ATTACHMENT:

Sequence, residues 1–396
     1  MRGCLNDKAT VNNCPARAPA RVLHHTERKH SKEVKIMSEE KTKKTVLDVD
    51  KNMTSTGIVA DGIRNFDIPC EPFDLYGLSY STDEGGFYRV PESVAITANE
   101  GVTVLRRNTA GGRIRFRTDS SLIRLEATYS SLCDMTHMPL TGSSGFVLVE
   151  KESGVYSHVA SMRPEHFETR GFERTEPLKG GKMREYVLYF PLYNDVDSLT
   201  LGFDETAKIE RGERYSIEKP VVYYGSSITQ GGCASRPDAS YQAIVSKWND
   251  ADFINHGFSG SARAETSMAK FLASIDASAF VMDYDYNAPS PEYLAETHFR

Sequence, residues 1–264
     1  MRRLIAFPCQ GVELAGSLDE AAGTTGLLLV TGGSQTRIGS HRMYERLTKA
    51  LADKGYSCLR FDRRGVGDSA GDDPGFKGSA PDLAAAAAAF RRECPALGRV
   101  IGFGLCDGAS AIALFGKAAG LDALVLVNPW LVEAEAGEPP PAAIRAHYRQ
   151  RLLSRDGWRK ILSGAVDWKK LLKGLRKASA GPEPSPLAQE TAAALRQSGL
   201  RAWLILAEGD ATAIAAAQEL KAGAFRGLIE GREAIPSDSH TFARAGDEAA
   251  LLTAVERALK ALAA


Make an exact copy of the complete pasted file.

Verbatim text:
Sequence, residues 1–396
     1  MRGCLNDKAT VNNCPARAPA RVLHHTERKH SKEVKIMSEE KTKKTVLDVD
    51  KNMTSTGIVA DGIRNFDIPC EPFDLYGLSY STDEGGFYRV PESVAITANE
   101  GVTVLRRNTA GGRIRFRTDS SLIRLEATYS SLCDMTHMPL TGSSGFVLVE
   151  KESGVYSHVA SMRPEHFETR GFERTEPLKG GKMREYVLYF PLYNDVDSLT
   201  LGFDETAKIE RGERYSIEKP VVYYGSSITQ GGCASRPDAS YQAIVSKWND
   251  ADFINHGFSG SARAETSMAK FLASIDASAF VMDYDYNAPS PEYLAETHFR

Sequence, residues 1–264
     1  MRRLIAFPCQ GVELAGSLDE AAGTTGLLLV TGGSQTRIGS HRMYERLTKA
    51  LADKGYSCLR FDRRGVGDSA GDDPGFKGSA PDLAAAAAAF RRECPALGRV
   101  IGFGLCDGAS AIALFGKAAG LDALVLVNPW LVEAEAGEPP PAAIRAHYRQ
   151  RLLSRDGWRK ILSGAVDWKK LLKGLRKASA GPEPSPLAQE TAAALRQSGL
   201  RAWLILAEGD ATAIAAAQEL KAGAFRGLIE GREAIPSDSH TFARAGDEAA
   251  LLTAVERALK ALAA